Calculate Fertile Days
If you desire a child, the most sure way to conceive is to know the days in your cycle which you are most fertile. The concept is simple yet so important: track you cycle and calculate your fertile days. Timing is everything! In fact, an ovum can only be fertilized between12 to 24 hours during a menstrual cycle. The reason that pregnancy is possible with seven days of ovulation is because sperm can live for about 5 to 6 days. To improve the chances of pregnancy, it is advised that a woman is most fertile during the three days prior to her ovulation day, when the egg is dropped into the fallopian tubes. This ensures that sperm are still alive and waiting to find an egg to fertilize but also doesn’t impose the risk of missing the window of opportunity if calculations are off by as little as 24 hours.
How do I know when I am most fertile?
To determine the fertile cycle phase, there are some useful tools such as a cycle calculator, cycle calendar or fertility calendar. These are available in the form of apps, templates or calendars. But even these are only useful if you give them the exact and necessary data needed to determine fertility. Even then, since the body is not a machine, they won’t always be 100% accurate.
For this reason, it is highly advisable to be aware of your body, fertility, and symptoms which can be used to calculate fertile days. The body is a fascinating organism that can clearly communicate when we are fertile and when we are not. Being able to interpret these signs and symptoms makes pregnancy become a little bit easier.
How does the body change during the cycle?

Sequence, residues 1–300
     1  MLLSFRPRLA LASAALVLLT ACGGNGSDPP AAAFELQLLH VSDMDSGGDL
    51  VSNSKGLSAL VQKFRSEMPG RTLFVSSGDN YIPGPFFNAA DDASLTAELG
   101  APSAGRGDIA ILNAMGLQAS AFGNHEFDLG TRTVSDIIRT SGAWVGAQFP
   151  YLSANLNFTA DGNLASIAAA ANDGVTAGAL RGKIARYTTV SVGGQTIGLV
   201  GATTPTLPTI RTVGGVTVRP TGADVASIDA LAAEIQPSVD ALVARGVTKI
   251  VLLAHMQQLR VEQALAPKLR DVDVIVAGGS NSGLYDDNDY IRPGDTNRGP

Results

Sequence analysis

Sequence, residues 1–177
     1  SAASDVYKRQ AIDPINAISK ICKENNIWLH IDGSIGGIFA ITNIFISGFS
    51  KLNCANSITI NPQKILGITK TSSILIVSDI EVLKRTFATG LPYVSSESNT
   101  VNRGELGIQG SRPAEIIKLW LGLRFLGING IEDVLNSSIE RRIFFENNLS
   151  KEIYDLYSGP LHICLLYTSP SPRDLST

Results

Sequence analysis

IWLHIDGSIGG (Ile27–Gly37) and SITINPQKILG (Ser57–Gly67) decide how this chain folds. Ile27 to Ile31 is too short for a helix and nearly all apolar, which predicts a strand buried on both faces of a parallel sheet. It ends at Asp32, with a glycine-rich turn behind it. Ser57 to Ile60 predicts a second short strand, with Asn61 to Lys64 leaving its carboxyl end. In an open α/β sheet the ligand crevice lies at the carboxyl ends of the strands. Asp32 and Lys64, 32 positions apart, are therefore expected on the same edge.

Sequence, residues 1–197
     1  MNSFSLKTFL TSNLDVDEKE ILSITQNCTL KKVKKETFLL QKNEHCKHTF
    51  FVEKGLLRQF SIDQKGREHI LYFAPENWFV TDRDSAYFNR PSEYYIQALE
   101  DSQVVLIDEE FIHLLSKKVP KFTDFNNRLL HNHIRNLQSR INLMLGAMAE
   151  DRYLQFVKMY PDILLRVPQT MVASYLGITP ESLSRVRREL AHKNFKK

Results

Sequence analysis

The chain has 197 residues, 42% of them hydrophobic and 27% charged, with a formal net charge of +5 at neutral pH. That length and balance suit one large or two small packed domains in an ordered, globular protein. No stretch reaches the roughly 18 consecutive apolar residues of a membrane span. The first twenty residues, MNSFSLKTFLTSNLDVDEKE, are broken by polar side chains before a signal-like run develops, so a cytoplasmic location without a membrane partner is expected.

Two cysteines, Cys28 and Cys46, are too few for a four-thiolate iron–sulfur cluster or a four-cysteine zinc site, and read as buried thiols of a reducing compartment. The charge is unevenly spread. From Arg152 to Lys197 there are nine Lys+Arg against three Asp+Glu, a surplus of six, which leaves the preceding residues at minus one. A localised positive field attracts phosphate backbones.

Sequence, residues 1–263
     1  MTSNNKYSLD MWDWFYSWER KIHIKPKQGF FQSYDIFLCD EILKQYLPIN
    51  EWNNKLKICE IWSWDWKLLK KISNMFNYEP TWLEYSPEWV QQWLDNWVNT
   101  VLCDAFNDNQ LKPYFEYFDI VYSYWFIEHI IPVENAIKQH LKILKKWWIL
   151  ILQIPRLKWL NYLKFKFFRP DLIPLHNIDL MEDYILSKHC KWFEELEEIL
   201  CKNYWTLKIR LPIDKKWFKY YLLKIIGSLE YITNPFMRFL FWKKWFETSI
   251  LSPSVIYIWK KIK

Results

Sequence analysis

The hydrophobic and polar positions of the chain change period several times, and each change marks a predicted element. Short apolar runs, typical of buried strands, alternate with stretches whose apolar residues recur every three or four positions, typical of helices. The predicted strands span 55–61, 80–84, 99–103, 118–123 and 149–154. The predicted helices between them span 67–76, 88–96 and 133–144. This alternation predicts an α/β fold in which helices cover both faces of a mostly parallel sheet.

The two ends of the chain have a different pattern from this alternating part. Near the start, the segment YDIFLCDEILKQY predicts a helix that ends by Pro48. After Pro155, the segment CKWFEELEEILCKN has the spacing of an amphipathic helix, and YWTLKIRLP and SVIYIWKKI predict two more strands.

Fertility is easily determined by these three observations:
1. Change in the consistency of vaginal mucus
2. Change in basal body temperature (morning body temperature)
3. Change in position and condition of the cervix
As you may have noticed, the consistency and color of your outflow changes over the course of each cycle. This is the first indicator to determine your fertility. The more fertile you become, the clearer, more transparent and jelly-like the vaginal discharge will be – that’s the cervical mucus. After ovulation, the mucus changes again — it becomes drier, thicker and more white.
At the same time your body temperature changes. In the first half of the cycle, the temperature is lower than in the second half. Around the middle of the cycle, a short temperature drop is followed by a significant increase in temperature (your ovulation!). The temperature remains higher until the onset of menstruation and then drops again with the onset of bleeding.
The temperature rise is only about 0.5 degrees C and 1 degree F.During the ovulation cycle, while both temperature rises and cervical mucus changes to a transparent and sticky fluid, the cervix position also changes.
The third indicator of your fertile phase is your cervix because it is changing over the course of your cycle. The cervix can be felt very easily by inserting your fingers into your vagina. You can lift one leg and use lube for a bit more ease. At the back of the vagina, your long finger should locate a small circle with a dimple. This is your cervix.
At the beginning of the menstrual cycle, the cervix sits very lowand feels very firm like a cherry. The closer to ovulation you become, your hormones prompt the cervix to move higher up and the softer it becomes. During the fertile phase, this little cherry with a dimple will feel as soft as an earlobe.
Try all three!
All of these observations can help to determine your fertile days and help you navigate the best days for conception. These symptoms can easily be collected on a cycle sheet or in an app for an organized and more accurate way of tracking your fertility. Besides identifying fertile days, you will become more in tuned with your hormones and natural body changes. It’s really exciting to see those changes!